By K. D. Dunleavy
The Time for the Community to
Weigh In Is Now
Update: The Meeting date for the community to talk over the Metro busing plan has been changed. The new date time and place are: Tuesday, June 18th at 7 p.m. at Eagle Rock City Hall.
What this is about: The Metro Board of Directors recently advanced a plan that would put bus rapid transit (BRT) lanes on Colorado Boulevard in Eagle Rock.
Under the plan, the Colorado Boulevard corridor would be one segment of an 18-mile BRT line connecting North Hollywood and Pasadena (NoHo-Pasadena). Various routes were considered for the line, including one that would use the 134 Freeway to traverse Eagle Rock, thus bypassing Colorado Boulevard. But Metro staff determined that a route along surface streets would attract more riders and provide better connections than a freeway-based route. The Metro Board accepted the staff’s finding and on May 23, voted to begin a draft environmental review of the street-running route.
The Board’s vote gives the street-running route a leg up over possible alternative routes. But that doesn’t mean it’s inevitable. “Although the Metro staff has made an initial recommendation to put the bus on Colorado Boulevard, this is far from being a done deal,” said Brian Haas, a spokesperson for Metro, in an interview with the Boulevard Sentinel. “Community feedback is a huge part of this,” he said. “We want to make sure that what we do makes sense.”
That flexibility will come in handy, because judging from the reaction on social media, Eagle Rockers don’t see much sense in putting a BRT line on Colorado Boulevard.
Here are some of the concerns:
A BRT line on Colorado Boulevard would require reconfigurations to allow for dedicated bus lanes. Metro has not specified what that would mean, but it could include removing the boulevard’s medians, removing traffic or bike lanes, removing parking spaces or some combination of those things.
And for what? The vast majority of BRT riders would not be coming or going from Eagle Rock. The vast majority would just be passing through. Looked at that way, the disruption from the BRT in terms of driving, traffic and parking on Colorado Boulevard seems far greater than the benefits to the town.
Another concern is that the BRT line on Colorado Boulevard could change zoning rules in areas near the bus stops. One of the Metro’s stated objectives with the NoHo-Pasadena line is to “support…transit-oriented community goals.” Transit Oriented Communities (TOC) is a city program that lets developers build more and denser housing on multi-family lots near a major transit stop, as long as the project includes some affordable units for low income people. With proposed BRT stops at Eagle Rock Boulevard and Townsend Avenue, a swath of Eagle Rock would fall under TOC rules. More housing to ease the housing shortage is badly needed. But putting a BRT line on Colorado Boulevard seems like an opaque and convoluted way to go about getting it.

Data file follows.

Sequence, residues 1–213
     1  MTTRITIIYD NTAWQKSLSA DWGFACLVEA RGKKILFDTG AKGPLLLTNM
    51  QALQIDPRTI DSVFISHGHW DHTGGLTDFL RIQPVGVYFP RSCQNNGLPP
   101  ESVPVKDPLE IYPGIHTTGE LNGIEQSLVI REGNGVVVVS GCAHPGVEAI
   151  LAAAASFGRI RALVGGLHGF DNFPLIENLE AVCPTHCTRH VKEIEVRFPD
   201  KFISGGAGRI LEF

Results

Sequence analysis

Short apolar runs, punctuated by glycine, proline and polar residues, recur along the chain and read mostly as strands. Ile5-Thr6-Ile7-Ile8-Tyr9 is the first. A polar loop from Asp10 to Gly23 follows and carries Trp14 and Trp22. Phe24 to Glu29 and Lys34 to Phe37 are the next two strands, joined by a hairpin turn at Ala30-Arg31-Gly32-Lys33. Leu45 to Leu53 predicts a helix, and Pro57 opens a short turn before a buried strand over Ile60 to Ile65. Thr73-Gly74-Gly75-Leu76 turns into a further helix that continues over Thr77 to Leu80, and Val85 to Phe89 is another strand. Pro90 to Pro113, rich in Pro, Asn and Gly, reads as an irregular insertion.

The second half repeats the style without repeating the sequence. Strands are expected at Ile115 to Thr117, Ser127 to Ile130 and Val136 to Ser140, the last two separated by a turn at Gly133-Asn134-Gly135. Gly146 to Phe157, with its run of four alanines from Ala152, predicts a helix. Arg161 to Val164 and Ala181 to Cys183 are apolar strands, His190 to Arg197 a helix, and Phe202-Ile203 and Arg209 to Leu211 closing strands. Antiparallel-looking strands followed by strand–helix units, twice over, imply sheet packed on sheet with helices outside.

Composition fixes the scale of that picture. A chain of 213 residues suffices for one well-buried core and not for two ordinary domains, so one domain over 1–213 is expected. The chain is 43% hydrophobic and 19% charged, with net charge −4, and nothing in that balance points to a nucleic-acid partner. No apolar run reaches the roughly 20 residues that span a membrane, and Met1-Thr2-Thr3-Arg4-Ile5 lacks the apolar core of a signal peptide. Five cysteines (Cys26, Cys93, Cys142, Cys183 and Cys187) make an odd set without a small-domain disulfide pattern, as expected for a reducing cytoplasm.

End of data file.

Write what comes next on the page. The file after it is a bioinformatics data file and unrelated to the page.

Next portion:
Metro has made some good arguments for a NoHo-Pasadena BRT. The area it would cover is heavily traveled, with almost all of the trips by car and only a tiny fraction by public transit, despite having Metro rail connections at both ends. A premium bus service would provide an alternative to driving and connect Metro’s regional transit network to residential areas along the route.
But Metro has yet to make a good case for why the proposed BRT has to run the length of Colorado Boulevard in Eagle Rock instead of catching the 134 freeway. One community meeting on the topic, at the Eagle Rock Plaza on October 18, 2018 was only sparsely attended.
Another community meeting will take place on June 18 at the Eagle Rock City Hall, where the Land Use Committee of the Eagle Rock Neighborhood Council (ERNC) will host a representative from Metro to discuss the project.
Metro also plans “Public Scoping” meetings beginning in July, which are required by law to give the public a chance to learn more about the proposal and provide input on issues that policymakers should consider in the environmental review. The Boulevard Sentinel will keep you informed of dates, times and places as they become available.